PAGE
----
Team 12 Investigates: Death Without Dignity

Images sent to News 12 show disturbing differences between loved ones before and after their bodies were turned over for services at a funeral home, according to family members.

News 12 Staff

Dec 6, 2021, 4:30 PM

Updated 867 days ago


Flora Jerez died peacefully at home - but her presentation at R.G. Ortiz Funeral Home in Washington Heights brought her family anything but peace.
"My first reaction was, that's not my grandmother," said Flora Sosa, the deceased's granddaughter.
The Bronx family is now suing for emotional harm.
"Instead of seeing their loved one -- basically saw what appeared to be a disfigured clay figurine," said Ian Chaikin, the family's attorney.
The family and their lawyer say Ortiz Funeral Home botched the preparation of Jerez's body.
"She always wanted a beautiful service because she had a beautiful life," said Sosa. "And the fact we had to not just go through the pain of her dying, but also seeing her in that condition, just broke our family."
Video Slideshow: Photos provided by a source appear to show bodies left unrefrigerated for an unknown amount of time.
This is not the only family broken by this funeral home. Images sent to News 12 show disturbing differences between loved ones before and after their families say the bodies were turned over to Ortiz for services.
"I want everyone to see what they did to my sister," said Karina Olavarria, who accuses Ortiz of ruining her sister's appearance at her wake.
In another case, a woman says her husband, who died of a heart attack, was presented looking like he had died in a fire. A deathcare worker asked us to keep his identity secret for fear of retribution.
"This is horrible how they treat people's loved ones," he told News 12.
He describes witnessing the mishandling of bodies while working with Ortiz Funeral Home. The deathcare worker tells News 12 pictures provided to the investigative team show bodies left unrefrigerated for an unknown amount of time.
"Piled up like sardines, very unprofessional," he said. "Rats (would) be coming out of there," he continued in an anonymous interview. "I saw one body with half of his face -- his nose -- chewed up."
Video Slideshow: Photos provided by families show before and after images of their loved ones.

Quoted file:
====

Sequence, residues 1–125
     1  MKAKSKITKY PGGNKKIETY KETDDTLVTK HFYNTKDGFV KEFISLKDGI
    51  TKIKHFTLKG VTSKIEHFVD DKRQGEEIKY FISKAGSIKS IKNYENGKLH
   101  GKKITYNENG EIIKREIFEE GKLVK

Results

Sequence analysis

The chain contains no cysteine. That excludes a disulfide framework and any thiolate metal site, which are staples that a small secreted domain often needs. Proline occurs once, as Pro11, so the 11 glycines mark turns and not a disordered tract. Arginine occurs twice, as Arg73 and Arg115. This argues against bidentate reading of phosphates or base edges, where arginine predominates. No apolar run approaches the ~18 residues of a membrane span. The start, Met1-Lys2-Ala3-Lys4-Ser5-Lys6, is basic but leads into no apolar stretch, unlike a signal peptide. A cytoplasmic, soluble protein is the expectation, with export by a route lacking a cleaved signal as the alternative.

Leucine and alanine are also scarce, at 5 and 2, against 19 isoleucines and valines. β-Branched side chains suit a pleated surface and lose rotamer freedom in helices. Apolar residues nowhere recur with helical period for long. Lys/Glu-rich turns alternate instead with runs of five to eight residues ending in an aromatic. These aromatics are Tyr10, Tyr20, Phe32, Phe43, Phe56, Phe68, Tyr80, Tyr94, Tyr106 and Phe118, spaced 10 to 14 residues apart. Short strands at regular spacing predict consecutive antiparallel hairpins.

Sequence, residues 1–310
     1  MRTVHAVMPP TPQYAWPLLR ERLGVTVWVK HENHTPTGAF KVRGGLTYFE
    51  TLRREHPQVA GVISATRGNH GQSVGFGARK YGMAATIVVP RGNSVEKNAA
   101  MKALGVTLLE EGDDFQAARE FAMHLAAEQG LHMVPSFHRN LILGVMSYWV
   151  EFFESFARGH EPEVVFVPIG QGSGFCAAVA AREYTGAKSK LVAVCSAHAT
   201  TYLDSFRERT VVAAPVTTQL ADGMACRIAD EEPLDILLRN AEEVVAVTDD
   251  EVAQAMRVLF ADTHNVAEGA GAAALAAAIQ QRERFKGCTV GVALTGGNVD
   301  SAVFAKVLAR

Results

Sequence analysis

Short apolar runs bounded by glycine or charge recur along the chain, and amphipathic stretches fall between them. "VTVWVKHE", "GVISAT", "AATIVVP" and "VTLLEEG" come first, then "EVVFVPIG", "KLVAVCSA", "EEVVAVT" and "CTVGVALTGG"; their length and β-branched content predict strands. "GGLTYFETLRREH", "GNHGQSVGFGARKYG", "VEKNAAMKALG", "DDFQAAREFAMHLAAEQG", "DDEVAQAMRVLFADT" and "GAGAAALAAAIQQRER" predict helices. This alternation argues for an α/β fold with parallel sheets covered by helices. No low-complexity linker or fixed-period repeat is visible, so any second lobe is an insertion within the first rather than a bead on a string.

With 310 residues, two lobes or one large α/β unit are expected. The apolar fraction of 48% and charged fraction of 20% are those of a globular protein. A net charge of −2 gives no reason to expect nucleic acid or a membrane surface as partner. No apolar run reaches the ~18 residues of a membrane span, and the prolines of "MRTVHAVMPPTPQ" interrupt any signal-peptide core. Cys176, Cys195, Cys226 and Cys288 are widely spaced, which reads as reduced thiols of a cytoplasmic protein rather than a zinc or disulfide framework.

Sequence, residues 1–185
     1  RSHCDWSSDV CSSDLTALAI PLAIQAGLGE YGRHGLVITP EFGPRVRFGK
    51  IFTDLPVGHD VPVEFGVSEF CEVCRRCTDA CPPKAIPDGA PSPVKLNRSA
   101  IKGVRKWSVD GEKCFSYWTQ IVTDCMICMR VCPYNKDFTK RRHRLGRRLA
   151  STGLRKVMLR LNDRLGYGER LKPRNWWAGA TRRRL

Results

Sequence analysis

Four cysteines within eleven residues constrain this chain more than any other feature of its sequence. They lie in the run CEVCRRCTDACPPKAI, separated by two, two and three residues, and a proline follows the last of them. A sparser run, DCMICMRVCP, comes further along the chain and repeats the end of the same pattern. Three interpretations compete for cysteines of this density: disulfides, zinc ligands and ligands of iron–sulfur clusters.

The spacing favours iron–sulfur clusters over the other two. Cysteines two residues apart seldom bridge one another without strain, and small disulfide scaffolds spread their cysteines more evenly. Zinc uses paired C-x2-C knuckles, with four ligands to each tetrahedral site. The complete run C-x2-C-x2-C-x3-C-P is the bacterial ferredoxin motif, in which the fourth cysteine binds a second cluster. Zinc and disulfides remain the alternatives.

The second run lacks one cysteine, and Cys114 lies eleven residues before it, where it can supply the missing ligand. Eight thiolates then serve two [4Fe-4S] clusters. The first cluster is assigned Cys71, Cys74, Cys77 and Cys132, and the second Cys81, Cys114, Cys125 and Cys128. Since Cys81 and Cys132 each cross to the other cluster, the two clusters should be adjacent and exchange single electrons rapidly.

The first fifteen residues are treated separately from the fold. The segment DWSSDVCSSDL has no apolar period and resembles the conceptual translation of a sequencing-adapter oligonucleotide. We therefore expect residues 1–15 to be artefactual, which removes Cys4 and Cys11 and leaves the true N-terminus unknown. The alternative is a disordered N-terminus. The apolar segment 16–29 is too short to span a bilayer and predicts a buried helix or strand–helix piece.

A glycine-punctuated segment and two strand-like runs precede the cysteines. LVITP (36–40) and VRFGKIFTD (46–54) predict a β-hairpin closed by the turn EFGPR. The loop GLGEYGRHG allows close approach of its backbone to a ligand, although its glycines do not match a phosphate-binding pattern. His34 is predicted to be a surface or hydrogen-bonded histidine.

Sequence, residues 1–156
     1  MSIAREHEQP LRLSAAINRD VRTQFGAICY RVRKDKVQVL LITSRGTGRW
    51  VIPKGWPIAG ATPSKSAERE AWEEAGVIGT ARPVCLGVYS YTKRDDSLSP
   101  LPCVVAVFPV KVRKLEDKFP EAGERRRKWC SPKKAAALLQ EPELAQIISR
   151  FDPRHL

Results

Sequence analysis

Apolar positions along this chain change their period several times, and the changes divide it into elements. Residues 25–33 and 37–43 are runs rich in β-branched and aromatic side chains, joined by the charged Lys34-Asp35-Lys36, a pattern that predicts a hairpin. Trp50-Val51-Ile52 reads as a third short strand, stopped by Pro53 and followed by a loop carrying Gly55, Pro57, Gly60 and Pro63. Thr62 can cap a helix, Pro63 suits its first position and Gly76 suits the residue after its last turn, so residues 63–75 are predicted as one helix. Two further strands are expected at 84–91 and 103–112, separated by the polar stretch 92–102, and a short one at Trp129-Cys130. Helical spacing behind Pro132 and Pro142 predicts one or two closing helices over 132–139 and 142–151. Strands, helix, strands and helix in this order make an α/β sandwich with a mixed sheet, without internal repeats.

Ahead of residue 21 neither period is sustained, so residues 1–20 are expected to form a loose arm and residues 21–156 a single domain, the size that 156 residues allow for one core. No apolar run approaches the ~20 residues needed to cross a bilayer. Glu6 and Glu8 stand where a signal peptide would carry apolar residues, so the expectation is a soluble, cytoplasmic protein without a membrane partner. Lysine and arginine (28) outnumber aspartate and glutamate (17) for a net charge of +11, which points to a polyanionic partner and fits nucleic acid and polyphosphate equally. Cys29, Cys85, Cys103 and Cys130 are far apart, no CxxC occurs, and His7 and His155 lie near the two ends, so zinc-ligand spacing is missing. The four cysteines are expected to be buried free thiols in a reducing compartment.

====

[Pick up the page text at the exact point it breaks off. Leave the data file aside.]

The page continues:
The Funeral Consumers Alliance says that evidence points to a serious problem.
"That's a huge red flag," said Josh Slocum, the executive director of the FCA "It looks to me, from what I see and what I understand, that there are probably violations of basic professional standards in the codes that regulate funeral homes."
Our investigation did find a history of lawsuits. Complaints include negligently preparing the body for burial and failing to properly embalm the decedent's remains.
"They have the non-delegable duty, the obligation, to maintain the body, to preserve the body and not mishandle the body. What happened here was gross mishandling," said attorney Chaikin.
R.G. Ortiz is accused of mishandling bodies.
The deathcare worker we spoke to says he's witnessed Ortiz Funeral Home charging families for embalming but not actually embalming the bodies.
"He just dressed them up, cleaned them up, and that's it, and then charge the family for embalming," he told News 12.
We asked Michael Ortiz, the funeral home owner, if he could explain how his employees prepare the bodies. But, he refused to answer any questions on camera.
We also made several efforts to get a response to the allegations from funeral director Michelle Ortiz. But, she told us legal counsel has advised her not to comment on pending litigation.
"I think the revoking of a license has to be immediate for a funeral home like this," said attorney Chaikin.
"My first reaction was, that's not my grandmother," said Flora Sosa on seeing her deceased grandmother's body.
That power lies in the hands of the New York State Department of Health's Bureau of Funeral Directing. We submitted a request for a history of complaints and corrective action taken against the funeral home under the Freedom of Information Law. But, the state has delayed their response until Dec. 16, three months since our initial request, telling News 12 the records are currently being reviewed.
The state did issue this statement, reading in part: "Protecting consumers and making sure funeral directors adhere to all applicable state regulations related to the practice of funeral directing is a priority of the New York State Department of Health."
In the meantime, Jerez's family, as well as many others, are haunted by this experience.
"I still feel like I'm grieving. Like every day I am going to wake up and have a do-over when it comes to this service," said Sosa.
The family says they were offered a partial refund, but no amount of money can heal their lasting emotional scars.
Text and reporting by Anthony Carlo.  Facebook | Twitter | Instagram

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